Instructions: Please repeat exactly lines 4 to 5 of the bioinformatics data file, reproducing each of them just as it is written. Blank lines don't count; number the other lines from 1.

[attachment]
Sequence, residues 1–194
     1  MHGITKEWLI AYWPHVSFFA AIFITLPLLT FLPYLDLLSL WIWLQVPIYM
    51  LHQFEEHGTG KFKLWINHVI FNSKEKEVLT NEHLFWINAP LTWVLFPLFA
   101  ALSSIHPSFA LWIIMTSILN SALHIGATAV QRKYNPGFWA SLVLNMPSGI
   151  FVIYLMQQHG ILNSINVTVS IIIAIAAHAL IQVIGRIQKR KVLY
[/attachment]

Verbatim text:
   101  ALSSIHPSFA LWIIMTSILN SALHIGATAV QRKYNPGFWA SLVLNMPSGI
   151  FVIYLMQQHG ILNSINVTVS IIIAIAAHAL IQVIGRIQKR KVLY